Posted by: Roseann Murphy | November 4, 2011

Addressing Misconceptions about Early Childhood Educators

In Dr. Jane Healy’s book, Different Learners, she clearly states, “…today’s lifestyles are a big part of the problems we see affecting young children. Even in affluent communities, the most basic needs of a youngster’s developing brain are violated on a daily basis. How are parents, teachers, caregivers or children to succeed in a culture that does not respect its most important asset-the developing mind?”

Maybe the answer lies in the fact there seems to be different attitudes about who should be shaping the minds of children during the critical first three years. Unfortunately, the most popular style of care, for an infant when parents are unavailable, is inherited by a housekeeper/maid, usually grossly underpaid and patronizingly referred to as part of the family. This person who, often speaks a different language than the parents and almost certainly does not share the same cultural values, is unexpectedly given the monumental task of shaping the mind of the child. They are simply allowed to influence the development of the child’s mind because they have worked with the family before and said, “I like children.”

In the best of circumstances, the maid/housekeeper is asked to take courses on childcare methods of the parents choosing. This is a leap of faith at best. The employer/parent’s are assuming that this level of professional childcare is equal to a skilled labor that can be taught over a series of two-hour courses to anyone regardless of their educational background. In addition, parents have no idea if these methods will be put into practice when the parents are not present.

People from a different cultural backgrounds often have very ingrained in them a right and wrong way to treat an infant and may choose to ignore what they learned in the course, not out of malice, but out of their genuine concern for the child. The responsibility for any negative results this may bring lies squarely on the parents and not the worker, who must reluctantly accept a caregiver role in order to maintain their livelihood.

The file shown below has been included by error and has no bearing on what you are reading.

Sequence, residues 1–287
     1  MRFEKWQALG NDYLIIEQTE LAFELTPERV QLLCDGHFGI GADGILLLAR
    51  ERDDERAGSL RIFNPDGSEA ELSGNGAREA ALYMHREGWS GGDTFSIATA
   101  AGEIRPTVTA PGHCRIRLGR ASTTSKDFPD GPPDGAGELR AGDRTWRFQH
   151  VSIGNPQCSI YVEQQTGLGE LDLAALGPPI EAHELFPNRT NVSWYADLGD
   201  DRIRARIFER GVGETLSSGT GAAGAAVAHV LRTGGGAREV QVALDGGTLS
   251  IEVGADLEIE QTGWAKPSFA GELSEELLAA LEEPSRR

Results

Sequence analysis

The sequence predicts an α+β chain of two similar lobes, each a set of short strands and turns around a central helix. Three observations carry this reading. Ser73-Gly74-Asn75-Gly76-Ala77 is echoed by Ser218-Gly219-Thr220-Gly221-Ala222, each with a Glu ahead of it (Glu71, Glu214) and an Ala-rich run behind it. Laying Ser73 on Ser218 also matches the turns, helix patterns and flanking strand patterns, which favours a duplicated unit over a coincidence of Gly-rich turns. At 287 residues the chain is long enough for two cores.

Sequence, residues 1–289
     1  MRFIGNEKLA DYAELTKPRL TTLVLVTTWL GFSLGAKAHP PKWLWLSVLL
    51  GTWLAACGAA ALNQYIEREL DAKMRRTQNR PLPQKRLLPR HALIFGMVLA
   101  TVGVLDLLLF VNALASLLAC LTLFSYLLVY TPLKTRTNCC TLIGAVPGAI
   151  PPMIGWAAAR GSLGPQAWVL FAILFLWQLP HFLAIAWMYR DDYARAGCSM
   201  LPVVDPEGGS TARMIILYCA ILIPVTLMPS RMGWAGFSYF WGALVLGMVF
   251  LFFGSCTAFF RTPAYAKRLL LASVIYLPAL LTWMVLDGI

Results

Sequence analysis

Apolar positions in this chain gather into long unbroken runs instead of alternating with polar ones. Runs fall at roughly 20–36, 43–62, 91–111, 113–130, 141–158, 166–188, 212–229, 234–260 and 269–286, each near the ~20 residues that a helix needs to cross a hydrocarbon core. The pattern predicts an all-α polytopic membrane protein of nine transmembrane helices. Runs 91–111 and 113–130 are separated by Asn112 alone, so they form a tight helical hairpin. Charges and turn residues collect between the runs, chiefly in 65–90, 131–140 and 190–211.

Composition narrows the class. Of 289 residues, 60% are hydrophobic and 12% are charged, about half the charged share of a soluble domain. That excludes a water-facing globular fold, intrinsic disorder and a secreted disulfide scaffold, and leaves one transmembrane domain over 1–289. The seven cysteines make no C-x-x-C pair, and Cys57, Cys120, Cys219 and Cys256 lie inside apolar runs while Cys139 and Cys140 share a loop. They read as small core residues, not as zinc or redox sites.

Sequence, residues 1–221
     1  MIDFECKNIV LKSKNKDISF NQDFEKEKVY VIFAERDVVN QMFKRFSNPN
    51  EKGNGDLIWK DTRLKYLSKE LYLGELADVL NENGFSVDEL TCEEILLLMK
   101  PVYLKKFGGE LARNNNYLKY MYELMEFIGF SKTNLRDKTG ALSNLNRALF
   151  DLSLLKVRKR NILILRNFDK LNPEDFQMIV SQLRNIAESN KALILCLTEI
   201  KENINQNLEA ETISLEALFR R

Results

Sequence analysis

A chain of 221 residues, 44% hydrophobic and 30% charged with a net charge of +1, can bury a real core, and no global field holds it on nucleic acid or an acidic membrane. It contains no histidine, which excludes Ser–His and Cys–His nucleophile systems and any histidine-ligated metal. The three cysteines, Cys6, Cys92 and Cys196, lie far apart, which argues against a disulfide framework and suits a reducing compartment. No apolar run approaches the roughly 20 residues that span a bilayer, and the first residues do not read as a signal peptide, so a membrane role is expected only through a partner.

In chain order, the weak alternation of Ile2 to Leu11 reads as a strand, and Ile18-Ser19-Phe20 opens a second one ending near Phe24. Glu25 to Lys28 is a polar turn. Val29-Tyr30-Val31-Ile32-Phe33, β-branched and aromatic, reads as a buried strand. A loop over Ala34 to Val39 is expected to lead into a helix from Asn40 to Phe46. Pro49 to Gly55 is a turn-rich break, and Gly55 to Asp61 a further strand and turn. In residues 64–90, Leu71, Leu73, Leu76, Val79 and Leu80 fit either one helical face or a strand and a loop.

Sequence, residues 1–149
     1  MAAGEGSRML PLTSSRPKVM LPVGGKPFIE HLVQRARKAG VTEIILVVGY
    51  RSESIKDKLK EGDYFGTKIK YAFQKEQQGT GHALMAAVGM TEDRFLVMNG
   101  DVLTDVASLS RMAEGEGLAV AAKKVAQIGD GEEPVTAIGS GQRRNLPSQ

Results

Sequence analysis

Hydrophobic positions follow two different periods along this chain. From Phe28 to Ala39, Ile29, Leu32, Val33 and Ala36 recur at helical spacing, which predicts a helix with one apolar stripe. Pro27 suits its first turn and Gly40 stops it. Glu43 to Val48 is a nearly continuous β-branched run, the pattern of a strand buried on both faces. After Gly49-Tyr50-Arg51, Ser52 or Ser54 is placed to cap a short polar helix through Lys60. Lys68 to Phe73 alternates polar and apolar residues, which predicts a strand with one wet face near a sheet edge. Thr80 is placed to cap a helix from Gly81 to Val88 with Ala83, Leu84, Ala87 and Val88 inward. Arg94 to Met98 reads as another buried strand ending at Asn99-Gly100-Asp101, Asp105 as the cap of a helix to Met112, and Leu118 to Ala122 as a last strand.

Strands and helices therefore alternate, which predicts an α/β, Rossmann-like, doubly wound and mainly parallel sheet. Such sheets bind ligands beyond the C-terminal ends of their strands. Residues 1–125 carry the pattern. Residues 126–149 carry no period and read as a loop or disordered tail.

On the other-hand we have the case of when parents seek out professional caregivers. Many parents take it upon themselves to find the most qualified, most trained, most experienced and professional caregiver they can find who fits their parenting approach best and… is willing to do windows, cook and clean while the child is sleeping (for a fraction of the hourly rate of a professional dog-walker). This level of condescension, blatant disrespect for a professional and most importantly the child, is reflected at the moment of payment. If we hire a plumber or a handyman, when they complete their job they hand us the bill. Often, they will not leave without collecting payments. When it comes to a person hired to care for children it is not uncommon to hear, “this is how much I will ‘give’ you.” In this case, a child is not allowed enough consideration to be taught by a professional who is treated like a professional. “Giving” carries with it the subtle implication that the professional (teacher/caregiver etc.) is fortunate to be “given” a certain amount of money. As if they are competing for the same position with the housekeeper. Either way, the conclusion seems to be the same, a child is not entitled to more care an expertise than a housekeeper can provide, anything beyond that is a luxury.